You need to determine the best encoding style, parameter style, and use values for your web service.
Check out the discussion below for advantages and disadvantages of the different combinations.
A web service definition is mapped to a WSDL binding in order to indicate the transport mechanism used to communicate with the service. Consider the following WSDL binding:
<binding name="CartEJBPortBinding" type="tns:CartEJB"> <soap:binding transport="http://schemas.xmlsoap.org/soap/http" style="document"> </soap:binding> <operation name="getVersion"> <soap:operation soapAction=""></soap:operation> <input> <soap:body use="literal"></soap:body> </input> <output> <soap:body use="literal"></soap:body> </output> </operation> </binding>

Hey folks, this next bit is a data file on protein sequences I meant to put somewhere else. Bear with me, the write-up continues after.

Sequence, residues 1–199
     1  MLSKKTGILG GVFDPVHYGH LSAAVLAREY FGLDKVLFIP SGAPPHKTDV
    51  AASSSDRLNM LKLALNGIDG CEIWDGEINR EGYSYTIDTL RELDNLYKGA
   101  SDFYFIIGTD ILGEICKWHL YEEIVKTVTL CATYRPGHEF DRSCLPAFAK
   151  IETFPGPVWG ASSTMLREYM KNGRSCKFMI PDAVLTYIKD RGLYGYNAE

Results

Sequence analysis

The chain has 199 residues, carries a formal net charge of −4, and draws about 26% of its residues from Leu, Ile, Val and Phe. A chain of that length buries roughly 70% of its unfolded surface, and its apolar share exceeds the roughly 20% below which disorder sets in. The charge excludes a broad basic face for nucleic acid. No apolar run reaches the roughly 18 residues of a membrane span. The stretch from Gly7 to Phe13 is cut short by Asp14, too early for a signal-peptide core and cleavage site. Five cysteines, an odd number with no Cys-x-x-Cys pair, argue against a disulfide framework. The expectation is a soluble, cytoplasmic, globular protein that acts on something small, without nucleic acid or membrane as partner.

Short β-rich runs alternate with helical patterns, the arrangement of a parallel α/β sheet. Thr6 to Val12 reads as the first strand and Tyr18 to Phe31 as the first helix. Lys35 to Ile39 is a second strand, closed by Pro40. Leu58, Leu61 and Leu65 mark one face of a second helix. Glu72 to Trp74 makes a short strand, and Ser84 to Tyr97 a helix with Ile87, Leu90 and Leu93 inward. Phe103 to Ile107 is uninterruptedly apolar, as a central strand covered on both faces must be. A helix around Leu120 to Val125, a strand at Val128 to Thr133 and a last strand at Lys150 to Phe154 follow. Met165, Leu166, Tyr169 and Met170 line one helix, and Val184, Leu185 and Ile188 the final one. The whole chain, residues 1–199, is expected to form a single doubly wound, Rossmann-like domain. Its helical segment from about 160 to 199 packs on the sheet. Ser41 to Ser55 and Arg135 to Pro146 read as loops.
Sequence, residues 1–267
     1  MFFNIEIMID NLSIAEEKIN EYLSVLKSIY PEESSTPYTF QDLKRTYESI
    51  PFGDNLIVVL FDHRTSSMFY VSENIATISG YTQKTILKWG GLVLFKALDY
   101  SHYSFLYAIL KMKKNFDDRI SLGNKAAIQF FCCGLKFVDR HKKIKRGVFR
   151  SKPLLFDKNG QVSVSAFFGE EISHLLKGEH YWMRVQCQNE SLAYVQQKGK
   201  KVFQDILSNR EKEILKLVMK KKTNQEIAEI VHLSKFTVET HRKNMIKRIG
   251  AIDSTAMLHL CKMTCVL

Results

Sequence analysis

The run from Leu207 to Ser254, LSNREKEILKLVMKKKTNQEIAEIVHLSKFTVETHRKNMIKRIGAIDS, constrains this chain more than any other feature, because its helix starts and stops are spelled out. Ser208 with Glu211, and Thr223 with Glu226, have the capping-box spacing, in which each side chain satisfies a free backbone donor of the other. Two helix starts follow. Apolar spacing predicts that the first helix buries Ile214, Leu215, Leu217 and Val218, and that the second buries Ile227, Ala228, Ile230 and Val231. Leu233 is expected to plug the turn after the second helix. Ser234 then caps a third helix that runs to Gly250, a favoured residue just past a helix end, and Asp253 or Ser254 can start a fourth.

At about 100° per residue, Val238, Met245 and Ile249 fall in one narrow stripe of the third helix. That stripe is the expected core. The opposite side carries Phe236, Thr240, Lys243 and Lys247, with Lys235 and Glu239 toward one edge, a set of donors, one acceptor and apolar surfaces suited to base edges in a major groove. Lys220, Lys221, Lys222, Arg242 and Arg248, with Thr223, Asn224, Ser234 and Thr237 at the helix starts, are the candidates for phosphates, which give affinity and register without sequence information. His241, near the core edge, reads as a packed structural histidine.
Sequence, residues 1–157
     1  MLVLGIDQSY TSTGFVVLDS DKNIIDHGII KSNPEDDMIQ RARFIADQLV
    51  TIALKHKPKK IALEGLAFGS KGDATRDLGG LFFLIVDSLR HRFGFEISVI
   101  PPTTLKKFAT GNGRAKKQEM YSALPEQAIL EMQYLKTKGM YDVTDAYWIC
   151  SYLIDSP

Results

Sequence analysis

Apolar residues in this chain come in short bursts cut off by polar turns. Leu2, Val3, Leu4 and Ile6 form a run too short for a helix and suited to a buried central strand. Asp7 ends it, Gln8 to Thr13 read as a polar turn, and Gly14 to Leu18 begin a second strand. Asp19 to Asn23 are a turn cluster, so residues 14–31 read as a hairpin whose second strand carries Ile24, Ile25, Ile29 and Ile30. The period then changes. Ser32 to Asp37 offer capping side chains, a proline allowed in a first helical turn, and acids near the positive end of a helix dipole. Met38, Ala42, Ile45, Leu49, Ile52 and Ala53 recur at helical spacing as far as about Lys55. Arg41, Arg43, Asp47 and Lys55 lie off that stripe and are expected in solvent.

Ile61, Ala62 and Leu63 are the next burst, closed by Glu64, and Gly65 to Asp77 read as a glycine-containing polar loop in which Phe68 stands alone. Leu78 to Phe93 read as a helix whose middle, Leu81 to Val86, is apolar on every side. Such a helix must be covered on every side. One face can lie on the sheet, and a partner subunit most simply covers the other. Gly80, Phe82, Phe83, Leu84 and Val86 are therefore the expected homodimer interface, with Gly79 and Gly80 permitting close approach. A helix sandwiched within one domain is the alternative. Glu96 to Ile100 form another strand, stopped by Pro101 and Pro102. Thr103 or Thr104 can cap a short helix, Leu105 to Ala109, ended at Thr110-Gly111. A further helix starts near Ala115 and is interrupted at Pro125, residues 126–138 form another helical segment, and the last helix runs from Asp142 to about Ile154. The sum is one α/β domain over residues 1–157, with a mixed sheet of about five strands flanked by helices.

There are three items at work here, two of which are explicit and one that is implicit:
The SOAP binding style (“document”)
The SOAP binding use (“literal”)
The SOAP binding parameter Style (“wrapped”)
The two explicit items are style and use. They are specified in
soap:binding style attribute and
respectively. We’ll talk about parameter style in a moment.
soap:binding element’s style attribute can have the value of “rpc” or “document”. A value of “rpc” indicates that you want to use SOAP messages containing parameters and return values. In this way, your web service will mimic an RMI call. A value of “document” indicates you want your SOAP messages to use ...